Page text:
Arnold, Tiffany. “With hope of being free, James Pennington fled Rockland estate.” Herald-Mail, April 11, 2011. Accessed November 1, 2014.
Arnold’s article about James Pennington, published in the Herald-Mail on the 150th anniversary of the firing of shots on Fort Sumter, gives a broad overview of Pennington’s life, specifically focusing on his life as a slave and his escape as a “freedom-seeker” to his subsequent education and career. In one informational packed statement, Arnold writes, in great sum, the major accomplishments of Pennington’s life, and ultimately, what we should remember him for: “He led efforts to desegregate New York City’s public transit system and fought for the right of blacks to vote. He also received a Doctor of Divinity degree from the University of Heidelberg and helped the Africans involved in the historic Amistad case form a Christian mission in Sierra Leone.” Pennington’s life was a remarkable one indeed and his autobiography is a brilliant resource on its own, that according to Dean Herrin, a historian for National Park Service and coordinator of the Catoctin Center for Regional Studies (and author of another secondary source used within this bibliography). Ultimately, Arnold’s article is useful because it provides a summary of Pennington’s life and its recent publish date of April 11, 2011 allows us to see that not only the Civil War, but of the story of the slave and his/her narrative is still relevant to the overall American narrative.
Close, Stacey. “A Voice for Freedom.” Connecticut Explored, Vol. 11, No.1 (Winter 2012/2013). Accessed November 1, 2014. .
Close’s article, specifically its electronic reprint provides historic newspaper images related to Pennington’s life, especially his life in Connecticut. Connecticut allowed Pennington to become “part of a highly organized and engaged African American community.” While in Connecticut, Pennington served as pastor at the Talcott Street Congregational Church (Faith Congregational Church) and also helped to establish the North African and South African schools—schools for black children outside of the regular school system that many African American parents complained about. Close’s article also led us to another primary source—the Charter Oak, an antislavery newspaper published in Connecticut. Newspapers were very important in the nineteenth-century, seeing as how they provided the public with news and both locally and throughout the country; naturally then, newspapers and publications were very important to Pennington—as was literacy—we learn from Close’s article that Pennington not only published the Textbook of the Origin and History, Etc. Etc. of the Colored People in 1841, but his autobiography, The Fugitive Blacksmith, in 1849, as well as writing published articles for the Colored American and briefly published two antislavery newspapers after the decline of the Colored American, The Northern Star and Clarksonian. Ultimately, Close’s article provides a summary of Pennington’s life as well as insight into his life in Connecticut and his antislavery beliefs.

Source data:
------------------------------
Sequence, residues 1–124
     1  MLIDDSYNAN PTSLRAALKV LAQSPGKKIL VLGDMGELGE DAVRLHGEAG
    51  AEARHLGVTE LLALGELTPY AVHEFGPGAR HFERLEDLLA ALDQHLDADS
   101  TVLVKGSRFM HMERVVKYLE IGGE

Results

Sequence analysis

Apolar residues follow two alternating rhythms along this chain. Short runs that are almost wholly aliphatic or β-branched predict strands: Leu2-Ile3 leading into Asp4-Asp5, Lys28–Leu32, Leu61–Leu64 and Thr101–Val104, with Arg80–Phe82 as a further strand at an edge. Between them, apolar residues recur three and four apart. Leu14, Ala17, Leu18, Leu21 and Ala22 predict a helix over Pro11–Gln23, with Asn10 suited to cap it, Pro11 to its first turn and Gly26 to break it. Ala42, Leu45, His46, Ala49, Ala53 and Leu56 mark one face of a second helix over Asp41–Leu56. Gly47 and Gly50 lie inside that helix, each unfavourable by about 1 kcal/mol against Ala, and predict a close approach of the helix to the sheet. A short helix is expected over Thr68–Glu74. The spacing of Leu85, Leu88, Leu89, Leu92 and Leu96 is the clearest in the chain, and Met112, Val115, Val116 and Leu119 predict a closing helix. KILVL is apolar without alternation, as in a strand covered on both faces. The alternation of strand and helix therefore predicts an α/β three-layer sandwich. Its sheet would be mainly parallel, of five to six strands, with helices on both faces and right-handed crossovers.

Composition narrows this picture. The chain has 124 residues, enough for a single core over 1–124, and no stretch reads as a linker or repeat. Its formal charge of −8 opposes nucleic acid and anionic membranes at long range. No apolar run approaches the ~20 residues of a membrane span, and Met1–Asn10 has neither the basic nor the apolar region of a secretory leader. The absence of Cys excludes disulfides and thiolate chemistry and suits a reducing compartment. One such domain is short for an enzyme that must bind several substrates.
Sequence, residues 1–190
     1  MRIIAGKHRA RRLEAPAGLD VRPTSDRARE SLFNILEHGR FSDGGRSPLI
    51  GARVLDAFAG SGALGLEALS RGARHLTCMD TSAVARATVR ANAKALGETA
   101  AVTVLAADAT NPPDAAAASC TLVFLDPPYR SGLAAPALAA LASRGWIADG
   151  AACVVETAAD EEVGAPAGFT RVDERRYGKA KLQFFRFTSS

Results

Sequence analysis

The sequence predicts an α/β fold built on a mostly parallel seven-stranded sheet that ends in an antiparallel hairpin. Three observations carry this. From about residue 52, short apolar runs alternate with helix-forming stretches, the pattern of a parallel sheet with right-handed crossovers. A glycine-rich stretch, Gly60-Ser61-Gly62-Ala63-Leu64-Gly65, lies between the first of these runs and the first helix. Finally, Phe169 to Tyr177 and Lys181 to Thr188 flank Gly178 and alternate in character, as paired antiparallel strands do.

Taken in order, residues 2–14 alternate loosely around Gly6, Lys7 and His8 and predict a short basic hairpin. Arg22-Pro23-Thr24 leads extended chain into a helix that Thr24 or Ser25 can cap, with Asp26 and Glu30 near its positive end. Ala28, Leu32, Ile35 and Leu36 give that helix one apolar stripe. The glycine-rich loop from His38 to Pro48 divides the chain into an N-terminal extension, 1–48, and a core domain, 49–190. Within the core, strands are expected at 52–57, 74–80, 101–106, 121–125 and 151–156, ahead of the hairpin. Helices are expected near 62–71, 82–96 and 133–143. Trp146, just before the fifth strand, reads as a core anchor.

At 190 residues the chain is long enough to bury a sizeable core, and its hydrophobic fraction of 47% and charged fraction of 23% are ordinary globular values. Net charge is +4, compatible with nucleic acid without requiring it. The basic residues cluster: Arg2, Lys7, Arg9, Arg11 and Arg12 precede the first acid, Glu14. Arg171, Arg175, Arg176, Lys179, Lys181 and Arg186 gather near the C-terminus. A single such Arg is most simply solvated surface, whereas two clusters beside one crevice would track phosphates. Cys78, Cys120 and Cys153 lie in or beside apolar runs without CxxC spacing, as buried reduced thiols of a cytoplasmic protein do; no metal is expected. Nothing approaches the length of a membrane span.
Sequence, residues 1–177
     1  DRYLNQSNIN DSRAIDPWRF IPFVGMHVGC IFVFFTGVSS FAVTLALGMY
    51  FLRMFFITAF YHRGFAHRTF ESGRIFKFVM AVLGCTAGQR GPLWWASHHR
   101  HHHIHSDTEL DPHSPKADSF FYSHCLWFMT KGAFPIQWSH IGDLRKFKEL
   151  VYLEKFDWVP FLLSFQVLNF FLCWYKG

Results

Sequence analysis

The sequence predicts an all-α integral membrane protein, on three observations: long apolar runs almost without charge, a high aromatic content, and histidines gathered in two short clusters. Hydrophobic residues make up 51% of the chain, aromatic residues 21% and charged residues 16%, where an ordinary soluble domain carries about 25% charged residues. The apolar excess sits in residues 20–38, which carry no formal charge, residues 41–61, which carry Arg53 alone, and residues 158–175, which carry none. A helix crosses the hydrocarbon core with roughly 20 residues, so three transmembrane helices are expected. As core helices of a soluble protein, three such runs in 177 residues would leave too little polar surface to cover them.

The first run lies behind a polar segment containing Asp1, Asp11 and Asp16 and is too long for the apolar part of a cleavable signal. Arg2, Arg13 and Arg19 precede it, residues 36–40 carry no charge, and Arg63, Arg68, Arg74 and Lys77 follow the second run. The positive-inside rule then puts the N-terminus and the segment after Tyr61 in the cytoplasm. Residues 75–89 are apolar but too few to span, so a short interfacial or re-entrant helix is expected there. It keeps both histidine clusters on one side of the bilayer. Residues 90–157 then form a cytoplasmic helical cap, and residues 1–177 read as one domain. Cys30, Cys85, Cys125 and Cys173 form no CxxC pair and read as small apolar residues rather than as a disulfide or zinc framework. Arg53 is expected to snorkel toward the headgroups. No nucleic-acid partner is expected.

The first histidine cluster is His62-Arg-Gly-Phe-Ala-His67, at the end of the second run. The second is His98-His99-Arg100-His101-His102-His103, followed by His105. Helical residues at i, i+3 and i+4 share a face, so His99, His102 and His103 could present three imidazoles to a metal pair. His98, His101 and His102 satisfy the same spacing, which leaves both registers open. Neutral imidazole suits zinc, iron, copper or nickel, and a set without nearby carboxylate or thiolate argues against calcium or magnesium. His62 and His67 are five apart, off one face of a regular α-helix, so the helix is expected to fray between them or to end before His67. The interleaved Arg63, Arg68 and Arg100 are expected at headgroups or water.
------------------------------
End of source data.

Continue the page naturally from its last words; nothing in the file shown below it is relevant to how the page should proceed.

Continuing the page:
Hannold, Elizabeth, preparer. “Individual Property/District Maryland Historical Trust, Internal NR-Eligibility Review Form, Rockland, WA-II-102.” Maryland Historical Trust, Inventory of Historic Properties. Accessed November 1, 2014.
This document, prepared by Elizabeth Hannold, is for the Maryland Historical Trust and their internal review form for National Register eligible properties; the property in this document is called “Rockland” and is located in the “Fairplay Vicinity” of Sharpsburg Pike. This historic home in Washington County, dating to the early 1800s, belonged to the industrious founder of the village of Tilghmanton (Fairplay), Frisby Tilghman. Frisby was the owner of James W.C. Pennington, born James “Jim” Pembroke. The information provided in this document, although primarily architectural, does discuss the importance of the property in its relationship to the Rev. Dr. James W.C. Pennington. Most importantly, the Review Form provides context to the area of Rockland and Western Maryland so that we may better visualize and thus discuss, the map of Pennington’s life.
Herrin, Dean. “From Slave to Abolitionist: James W.C. Pennington of Washington County, Maryland.” Paper presented at the Millennium Crossroads Conference, Frederick Community College, Frederick, MD, September 30, 2001. Last modified November 1, 2014.